Holman J now sits almost exclusively in open court. He believes this is the default position for hearing matrimonial finances. He is the only member of the Family Division to do so. He first justified his position in Luckwell v Limata  EWHC 502 (Fam),  2 FLR 168, which he recently reaffirmed in Gray v Work  EWHC 834 (Fam). Holman J stated that, to him, FPR 2010, r 27.10 does not provide a presumption in favour of private proceedings, 'it is no more than a starting point'. His reasons for sitting in public are based on support for the rule of law, and the growing need for transparency in the courts. Holman J holds the publication of judgments to be insufficient to achieve the aims; it limits the public ear to what a judge chooses to say:
'It is only if the public are able to see and hear for themselves how the proceedings unfold in the courtroom, what the oral evidence and arguments actually are, and indeed how the judge comports himself, that there is true transparency, open justice and public accountability.'
Holman J enhanced his view in Fields v Fields  EWHC 1670 (Fam):
'... to permit the presence of accredited journalists, but then tightly to restrict what they can report, creates a mere illusion of transparency.'
The parties' distress at sitting in public was unable to:
'override the importance of court proceedings being, so far as possible, open and transparent. Court sits with the authority of the sovereign, but on behalf of the people and the people must be allowed, so far as possible, to see the courts at work.'
As much as Holman J has supported public hearings, Mostyn J has simultaneously taken the opposite view. In DL v SL  EWHC 2621 (Fam), he held that:
'Ancillary relief (or financial remedy) proceedings are quintessentially private business, and are therefore protected by the anonymity principle ... the process involves the extraction of highly personal and private information under compulsion which the recipient may not use save for the purposes of the proceedings: see Clibbery v Allen
[above] and Lykiardopulo v Lykiardopulo  EWCA Civ 1315,  1 FLR 1427
. Therefore, according to those authorities, the media may not report any such information without leave.'
It is apparent from this paragraph that the presence of the general public is out of the question.
Roberts J recently followed Mostyn J's approach in Cooper-Hohn v Hohn  EWHC 2314 (Fam),  1 FLR 19. She sat in private, granting an injunction to prohibit the press from publishing: any financial information from voluntary disclosure; replies to questionnaires; witness statements; oral evidence; or counsel's submissions. This material could only be reported to the extent it was already in the public domain.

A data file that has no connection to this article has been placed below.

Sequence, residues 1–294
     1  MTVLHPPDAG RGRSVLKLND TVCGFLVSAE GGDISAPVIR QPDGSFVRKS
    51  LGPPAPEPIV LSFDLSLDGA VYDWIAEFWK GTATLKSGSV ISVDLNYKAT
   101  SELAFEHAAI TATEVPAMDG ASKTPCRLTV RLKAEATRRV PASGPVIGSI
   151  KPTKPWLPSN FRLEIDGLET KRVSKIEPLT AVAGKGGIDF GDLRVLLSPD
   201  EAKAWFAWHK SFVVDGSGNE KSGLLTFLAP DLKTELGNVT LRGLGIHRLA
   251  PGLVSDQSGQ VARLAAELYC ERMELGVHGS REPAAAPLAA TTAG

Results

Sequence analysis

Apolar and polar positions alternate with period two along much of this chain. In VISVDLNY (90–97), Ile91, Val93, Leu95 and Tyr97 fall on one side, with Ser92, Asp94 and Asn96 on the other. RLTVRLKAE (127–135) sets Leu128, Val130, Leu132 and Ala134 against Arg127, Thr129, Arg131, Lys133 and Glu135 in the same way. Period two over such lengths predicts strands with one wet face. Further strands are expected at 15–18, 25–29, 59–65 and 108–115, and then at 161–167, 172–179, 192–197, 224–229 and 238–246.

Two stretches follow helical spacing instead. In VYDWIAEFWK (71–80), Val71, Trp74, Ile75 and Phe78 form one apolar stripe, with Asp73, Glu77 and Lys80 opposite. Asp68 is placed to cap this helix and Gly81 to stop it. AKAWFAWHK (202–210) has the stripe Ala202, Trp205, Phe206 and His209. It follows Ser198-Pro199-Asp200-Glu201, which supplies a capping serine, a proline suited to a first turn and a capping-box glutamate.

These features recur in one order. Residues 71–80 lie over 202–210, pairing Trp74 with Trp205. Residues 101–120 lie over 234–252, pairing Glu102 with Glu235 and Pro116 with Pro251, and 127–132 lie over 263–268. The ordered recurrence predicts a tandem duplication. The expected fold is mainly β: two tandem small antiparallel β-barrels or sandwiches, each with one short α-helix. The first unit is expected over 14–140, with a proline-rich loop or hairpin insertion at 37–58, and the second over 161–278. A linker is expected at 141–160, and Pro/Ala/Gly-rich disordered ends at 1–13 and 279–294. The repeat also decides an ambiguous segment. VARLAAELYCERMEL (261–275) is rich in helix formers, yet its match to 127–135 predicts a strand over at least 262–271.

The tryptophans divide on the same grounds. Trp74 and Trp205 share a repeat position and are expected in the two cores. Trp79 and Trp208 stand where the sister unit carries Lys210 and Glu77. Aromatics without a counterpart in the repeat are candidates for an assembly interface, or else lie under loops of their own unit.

Holman J claims sitting in public is a necessary component of the rule of law; under the Dicean conception it makes the law more accessible, and therefore easier to understand. Having contradicting judicial indications is certainly not advancing the rule of law. It does not assist practitioners' understanding, let alone the general public.
Public, private and settlement
So what difference does sitting in public or private make in practice? Holman J argues that, if a party does not want their case heard in open court, then the answer is to settle. This line of reasoning risks being short-sighted. A party concerned for their privacy is perhaps less likely to provide full and frank disclosure. Parties can be concerned to protect commercially sensitive information. When there are concerns over disclosure, the chances of settlement can tend to zero. It is very well using open court to encourage settlement if open court also risks the necessary disclosure required for such settlement.
Public, private and personal design
What, then, will the position for parties be if sitting in open court is validated by the Court of Appeal? When a case is likely to spark public attention, will a party have any options to prevent unwanted public attention?
The answer to these concerns is already open to parties: arbitration. Increasingly, high net worth clients need a system they can control. They need a dispute resolution service tailored to their specific needs. Where privacy is a serious concern to the parties, arbitration can provide a completely confidential process with no access to the press, no public and no court lists.
While private FDRs have grown in popularity, arbitration is regularly under-sold to clients. As privacy concerns continue to grow amongst high value financial relief claims, so too should the IFLA Arbitration Scheme.
Moving from the court process to arbitration may allay the fears of individual clients regarding their privacy. Yet this in itself raises a wider, more fundamental question: are we, in this way, inadvertently creating a two-tier adjudication system? Could we see in the future a fast-stream personalised arbitration process for those who can afford to have their individual needs met, while those who cannot remain where they are in a court system with no control over how their case may be heard? It would be easy to shrug off this concern: in light of cuts to public services, this is a fact of life. But what impact would such a two-tier system have on the rule of law?
Could we still claim to be all equal under the law?
Bethany Hardwick is a practising pupil barrister at 1 Hare Court, London. You can follow her on Twitter @BethHardwick3.